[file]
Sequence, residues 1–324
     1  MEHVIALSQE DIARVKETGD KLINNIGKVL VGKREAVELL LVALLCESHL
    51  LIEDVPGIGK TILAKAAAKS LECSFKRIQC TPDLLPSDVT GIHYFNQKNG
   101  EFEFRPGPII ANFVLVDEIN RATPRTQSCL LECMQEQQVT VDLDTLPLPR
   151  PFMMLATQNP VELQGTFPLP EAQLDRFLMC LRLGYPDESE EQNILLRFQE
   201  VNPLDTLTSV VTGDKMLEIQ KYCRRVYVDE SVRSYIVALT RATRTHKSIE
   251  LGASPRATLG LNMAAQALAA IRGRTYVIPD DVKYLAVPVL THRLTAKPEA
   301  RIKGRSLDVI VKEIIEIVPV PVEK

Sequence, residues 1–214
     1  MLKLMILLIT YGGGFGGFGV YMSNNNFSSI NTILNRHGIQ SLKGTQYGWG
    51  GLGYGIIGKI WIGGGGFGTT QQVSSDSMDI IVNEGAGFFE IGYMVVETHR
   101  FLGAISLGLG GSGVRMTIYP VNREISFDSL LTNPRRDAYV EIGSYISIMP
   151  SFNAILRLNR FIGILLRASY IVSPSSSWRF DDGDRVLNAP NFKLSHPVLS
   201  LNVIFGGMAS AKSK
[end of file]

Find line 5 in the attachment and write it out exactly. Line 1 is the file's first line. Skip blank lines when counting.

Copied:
   151  PFMMLATQNP VELQGTFPLP EAQLDRFLMC LRLGYPDESE EQNILLRFQE